The above is in contrast to the current situation in those patients with HIV or hepatitis C infection. Here the sole virologic readout routinely required for patient categorization is the viral load in plasma. Until recent years treatment decisions in both HIV and HCV also depended on markers of end-organ damage (a CD4 count and assessments of liver fibrosis, respectively); however, more recently guidelines have altered to promote treatment of all—regardless of these results. Supportive information may still be required to determine which specific treatment was most suitable—predominately resistance assays and genotypes—but not for categorization.

This has not always been the situation in HIV and HCV. The development of polymerase chain reaction (PCR) viral quantification was vital to the battle against HIV as the ability to adequately measure the HIV-RNA viral load became a useful accepted end point of successful therapy—though was initially not without controversy [13, 14, 15, 16, 17, 18, 19]. Prior to this, study of newer agents was protracted and required the determination of clinical end points such as death and development of AIDS. In the pre-DAA era of HCV treatment, definitions of virologic success such as partial early viral response (i.e., a > 2 log10 drop in HCV-RNA at week 12 of therapy) took months to be reached and had suboptimal predictive value for eventual cure. In addition, based on such a virologic criteria, treatment durations of 48 to even 72 weeks were decided upon [20]. Together with a further 6 months waiting after treatment discontinuation to determine success and failure, such a cycle took about 1.5–2 years. The introduction of DAAs to the market resulted in shortened treatment durations of 8–12 weeks without virologic kinetic decisions about prolongation of therapy [21]. Also, SVR was validated at the 12-week post-treatment time point resulting in much shorter treatment cycles and thus quicker phase-2/3 trial turnover. The use of viral load clearance and SVR12 time points however has not been universally accepted [22], but is accepted as an end point for clinical studies and therefore drug development.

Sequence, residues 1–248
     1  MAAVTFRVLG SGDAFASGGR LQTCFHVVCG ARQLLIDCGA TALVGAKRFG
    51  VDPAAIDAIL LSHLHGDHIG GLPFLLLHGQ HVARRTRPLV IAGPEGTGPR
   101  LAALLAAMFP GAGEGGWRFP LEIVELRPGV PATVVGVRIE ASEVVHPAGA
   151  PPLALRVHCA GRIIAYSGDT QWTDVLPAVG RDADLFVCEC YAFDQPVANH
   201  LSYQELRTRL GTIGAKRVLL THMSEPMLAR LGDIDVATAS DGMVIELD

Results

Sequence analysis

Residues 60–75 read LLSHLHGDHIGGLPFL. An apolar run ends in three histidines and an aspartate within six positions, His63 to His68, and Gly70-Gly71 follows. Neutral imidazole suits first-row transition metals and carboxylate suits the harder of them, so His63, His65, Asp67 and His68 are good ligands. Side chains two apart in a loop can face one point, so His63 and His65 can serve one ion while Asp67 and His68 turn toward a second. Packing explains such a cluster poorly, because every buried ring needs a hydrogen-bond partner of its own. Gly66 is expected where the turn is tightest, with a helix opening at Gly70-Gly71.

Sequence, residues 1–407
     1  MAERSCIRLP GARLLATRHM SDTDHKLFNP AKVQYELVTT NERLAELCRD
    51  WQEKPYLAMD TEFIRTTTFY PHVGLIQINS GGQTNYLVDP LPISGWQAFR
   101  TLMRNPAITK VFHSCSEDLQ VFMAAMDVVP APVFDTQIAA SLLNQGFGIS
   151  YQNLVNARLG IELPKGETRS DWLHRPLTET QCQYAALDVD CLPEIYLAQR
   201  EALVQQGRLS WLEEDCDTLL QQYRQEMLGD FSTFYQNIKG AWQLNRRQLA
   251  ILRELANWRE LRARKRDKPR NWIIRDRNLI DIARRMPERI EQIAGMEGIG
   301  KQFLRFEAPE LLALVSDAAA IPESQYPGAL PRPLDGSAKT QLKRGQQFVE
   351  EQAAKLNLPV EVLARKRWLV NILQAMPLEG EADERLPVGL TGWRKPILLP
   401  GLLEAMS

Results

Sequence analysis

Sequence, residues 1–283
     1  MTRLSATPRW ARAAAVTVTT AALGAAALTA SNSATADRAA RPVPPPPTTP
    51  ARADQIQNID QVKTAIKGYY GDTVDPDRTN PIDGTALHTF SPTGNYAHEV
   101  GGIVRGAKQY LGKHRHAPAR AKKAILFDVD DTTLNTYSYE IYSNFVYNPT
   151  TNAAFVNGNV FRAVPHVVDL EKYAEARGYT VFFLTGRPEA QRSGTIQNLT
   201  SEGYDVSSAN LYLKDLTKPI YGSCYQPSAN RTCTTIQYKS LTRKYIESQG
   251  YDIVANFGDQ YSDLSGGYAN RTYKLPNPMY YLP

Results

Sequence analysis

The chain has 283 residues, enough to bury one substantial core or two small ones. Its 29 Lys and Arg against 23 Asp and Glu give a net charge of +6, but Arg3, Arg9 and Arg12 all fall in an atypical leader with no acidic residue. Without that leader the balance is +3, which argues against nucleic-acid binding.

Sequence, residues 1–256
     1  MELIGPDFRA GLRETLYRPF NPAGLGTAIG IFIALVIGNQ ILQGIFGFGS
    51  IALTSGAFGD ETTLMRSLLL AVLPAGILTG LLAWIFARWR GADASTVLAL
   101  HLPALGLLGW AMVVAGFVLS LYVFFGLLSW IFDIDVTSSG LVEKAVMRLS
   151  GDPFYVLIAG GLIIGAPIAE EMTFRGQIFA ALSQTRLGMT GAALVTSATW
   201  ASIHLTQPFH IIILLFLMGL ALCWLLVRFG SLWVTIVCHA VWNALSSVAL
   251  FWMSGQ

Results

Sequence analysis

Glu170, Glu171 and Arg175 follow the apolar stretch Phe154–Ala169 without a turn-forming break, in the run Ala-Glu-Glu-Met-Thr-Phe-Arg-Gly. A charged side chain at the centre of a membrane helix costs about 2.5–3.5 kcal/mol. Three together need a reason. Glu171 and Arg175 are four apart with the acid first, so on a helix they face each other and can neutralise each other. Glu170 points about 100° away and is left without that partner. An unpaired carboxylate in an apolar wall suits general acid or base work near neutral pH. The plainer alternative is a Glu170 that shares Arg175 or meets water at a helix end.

Future Prospects for HBV

Are we progressing to a similar situation for HBV where categorization and treatment decisions are more simple, rapid and clear cut? Or to a situation where treatment is advocated for all?

Assessments of immune responsiveness and exhaustion have allowed classification and monitoring to be revisited, and data on outcomes in those previously defined as immune tolerant have directed a re-appraisal of patient categorization. For example, studies have demonstrated that the previously labeled ‘immune-tolerant’ phenotype is actually associated with immune activation and increased expression of immune check point inhibitors such as PD-1 [23, 24]. These factors, and a general better understanding of outcomes, have allowed a reassessment of classification of patients with HBV infection.